The regular use of face masks to prevent the spread of COVID-19 is important to protect the health and well-being of ourselves and those around us. Unfortunately, this can often lead to unwanted skin issues.
Even cloth masks, different from N95 medical masks, can cause your skin to react. The cloth, dyes, and detergents used to clean them can all affect your skin. Over the last month I've received a number of questions about what to do to avoid or prevent this and wanted to share here what I've been sharing with my clients.
It is important to remember that broken skin or skin with a compromised barrier is a portal for infection which can lead to redness, breakouts and more.
The enclosed area of the mask against our skin produces a microenvironment of warm moisture. This super-hydrates the stratum corneum, dilates pores, oil and sweat glands and disrupts your skin’s microbiome – all compromising skin barrier function. These factors also increase local inflammation.
Additional side effects may include:
- Folliculitis can occur due to the yeast and bacteria proliferation
- Chronic skin conditions such as rosacea, acne, heat rash, seborrheic and atopic dermatitis can also flare due to the disrupted microenvironment on the skin, as well as due to increased stress
- A possible risk of developing irritant and allergic contact dermatitis to mask material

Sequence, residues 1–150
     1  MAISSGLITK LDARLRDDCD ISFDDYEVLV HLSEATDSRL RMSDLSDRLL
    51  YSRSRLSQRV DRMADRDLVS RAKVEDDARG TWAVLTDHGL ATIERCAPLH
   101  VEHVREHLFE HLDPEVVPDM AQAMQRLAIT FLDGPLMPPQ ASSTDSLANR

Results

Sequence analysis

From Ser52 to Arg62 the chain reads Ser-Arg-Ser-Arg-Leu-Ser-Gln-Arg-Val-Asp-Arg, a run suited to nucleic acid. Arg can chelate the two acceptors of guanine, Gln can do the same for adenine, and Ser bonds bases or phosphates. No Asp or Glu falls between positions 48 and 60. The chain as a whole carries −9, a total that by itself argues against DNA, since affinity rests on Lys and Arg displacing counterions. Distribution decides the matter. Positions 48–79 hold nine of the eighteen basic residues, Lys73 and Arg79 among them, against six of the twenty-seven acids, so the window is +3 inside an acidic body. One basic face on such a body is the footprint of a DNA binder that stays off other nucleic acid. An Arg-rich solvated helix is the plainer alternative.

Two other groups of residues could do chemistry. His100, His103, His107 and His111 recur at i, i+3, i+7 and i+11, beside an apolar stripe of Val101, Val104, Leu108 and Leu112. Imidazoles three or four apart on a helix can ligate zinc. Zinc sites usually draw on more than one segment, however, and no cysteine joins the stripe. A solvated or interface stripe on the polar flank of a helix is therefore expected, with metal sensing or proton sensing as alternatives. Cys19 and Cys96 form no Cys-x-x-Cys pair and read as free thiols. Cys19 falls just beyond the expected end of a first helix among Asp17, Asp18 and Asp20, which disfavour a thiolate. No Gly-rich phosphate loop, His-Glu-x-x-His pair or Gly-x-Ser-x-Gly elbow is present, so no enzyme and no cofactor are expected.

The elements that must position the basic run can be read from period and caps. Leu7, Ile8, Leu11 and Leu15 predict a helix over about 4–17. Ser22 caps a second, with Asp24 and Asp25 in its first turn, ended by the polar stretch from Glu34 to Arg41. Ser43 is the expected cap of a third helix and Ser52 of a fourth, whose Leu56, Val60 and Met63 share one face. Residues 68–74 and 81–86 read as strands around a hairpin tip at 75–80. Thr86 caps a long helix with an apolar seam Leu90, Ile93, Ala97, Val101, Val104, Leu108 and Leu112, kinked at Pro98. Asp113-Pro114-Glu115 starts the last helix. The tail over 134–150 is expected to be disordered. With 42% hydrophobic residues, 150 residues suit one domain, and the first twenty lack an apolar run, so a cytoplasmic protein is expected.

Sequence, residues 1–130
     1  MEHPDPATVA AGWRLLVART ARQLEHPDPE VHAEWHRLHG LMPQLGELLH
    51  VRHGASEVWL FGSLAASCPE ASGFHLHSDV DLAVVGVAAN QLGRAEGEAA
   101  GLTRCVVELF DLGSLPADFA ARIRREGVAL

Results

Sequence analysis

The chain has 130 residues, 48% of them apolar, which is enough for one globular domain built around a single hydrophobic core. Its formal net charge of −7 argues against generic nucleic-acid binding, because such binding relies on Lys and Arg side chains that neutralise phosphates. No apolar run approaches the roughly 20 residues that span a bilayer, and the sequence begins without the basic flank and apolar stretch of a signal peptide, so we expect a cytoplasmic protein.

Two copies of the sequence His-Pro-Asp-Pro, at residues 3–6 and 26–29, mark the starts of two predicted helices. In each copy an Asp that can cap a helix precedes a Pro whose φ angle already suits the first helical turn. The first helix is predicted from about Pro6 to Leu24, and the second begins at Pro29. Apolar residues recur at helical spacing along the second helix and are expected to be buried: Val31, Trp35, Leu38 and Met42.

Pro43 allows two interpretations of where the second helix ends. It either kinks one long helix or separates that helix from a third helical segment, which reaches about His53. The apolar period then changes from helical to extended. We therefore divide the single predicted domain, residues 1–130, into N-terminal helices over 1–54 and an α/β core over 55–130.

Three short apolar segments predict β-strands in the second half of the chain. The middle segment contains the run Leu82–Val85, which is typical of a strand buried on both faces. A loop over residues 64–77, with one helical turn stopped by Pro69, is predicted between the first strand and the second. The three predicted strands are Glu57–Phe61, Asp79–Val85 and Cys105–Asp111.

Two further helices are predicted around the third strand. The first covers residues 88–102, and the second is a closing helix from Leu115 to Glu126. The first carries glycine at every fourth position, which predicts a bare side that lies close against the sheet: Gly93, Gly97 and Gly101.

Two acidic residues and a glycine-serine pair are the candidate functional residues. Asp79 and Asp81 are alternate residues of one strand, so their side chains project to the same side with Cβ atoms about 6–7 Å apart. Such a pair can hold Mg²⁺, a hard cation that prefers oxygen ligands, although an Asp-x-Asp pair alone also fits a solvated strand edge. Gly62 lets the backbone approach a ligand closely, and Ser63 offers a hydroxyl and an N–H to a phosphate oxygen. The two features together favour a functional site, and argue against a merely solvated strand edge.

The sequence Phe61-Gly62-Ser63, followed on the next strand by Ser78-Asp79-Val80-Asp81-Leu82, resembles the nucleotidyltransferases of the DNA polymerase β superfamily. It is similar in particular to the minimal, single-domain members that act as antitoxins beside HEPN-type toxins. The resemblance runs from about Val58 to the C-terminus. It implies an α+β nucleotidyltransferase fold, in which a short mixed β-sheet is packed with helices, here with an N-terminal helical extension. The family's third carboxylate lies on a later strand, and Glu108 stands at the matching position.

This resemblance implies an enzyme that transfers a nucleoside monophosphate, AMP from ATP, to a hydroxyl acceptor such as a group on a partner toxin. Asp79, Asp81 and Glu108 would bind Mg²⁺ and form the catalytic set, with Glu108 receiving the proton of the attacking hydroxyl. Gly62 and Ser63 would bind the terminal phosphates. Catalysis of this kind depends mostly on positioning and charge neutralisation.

- Chafing and irritation due to the mask edges continually rubbing in specific areas of the skin.
Here are 7 skincare tips to reduce the risk of irritation, a compromised skin barrier and breakouts:
- Wash your face before and after wearing a mask with a gentle non-stripping facial cleanser. This will help remove excess oil and dead skin cells from the surface of your skin to avoid clogged pores and acne breakouts. Epionce Lytic Gel cleanser or Isclinical Cleansing complex are two of my favorites for an anti-microbial effect and deep cleaning effect.
- Clean your mask with a soap free of dyes, scents, and harmful chemicals. I recommend using All-free Clear Detergent and an extra rinse cycle.
- If possible, remove or relieve the pressure from your mask every two hours.
- Use a ceramide based moisturizer or hydrator to create a protective barrier between the mask and your face to reduce friction. SkinBetter Science Hydration Boosting Cream, Epionce renewal calming cream or Medical barrier cream works great for this. When your skin becomes chafed or irritated, the top layer of your skin releases water. Your skin loses it’s natural moisture and becomes dry and cracked forming into red inflammation. For those that have an existing skin irritation or chafing, apply aquaphor or hydrocortisone cream over the irritations at bedtime to speed up healing. Another great option to reduce redness, calm inflammation, and boost hydration is to apply Epionce Enriched firming mask at bedtime and sleep in for enhanced results.
- For those that wear a mask for long periods of time, BODY GLIDE FACE BALM effectively protects the skin against chafing and ease skin discomforts. Another great trick is to apply Spidertech Face Protection Strips underneath your mask to prevent chafing and irritation.
- Avoid using a face mask made out of synthetic materials like polyester or nylon. These are more likely to make you sweat and cause irritation. Instead, use a tightly woven fabric of 100% cotton.
- For acne prone skin, avoid wearing make-up underneath your mask. This can lead to clogged pores and more breakouts if your skin can’t breathe.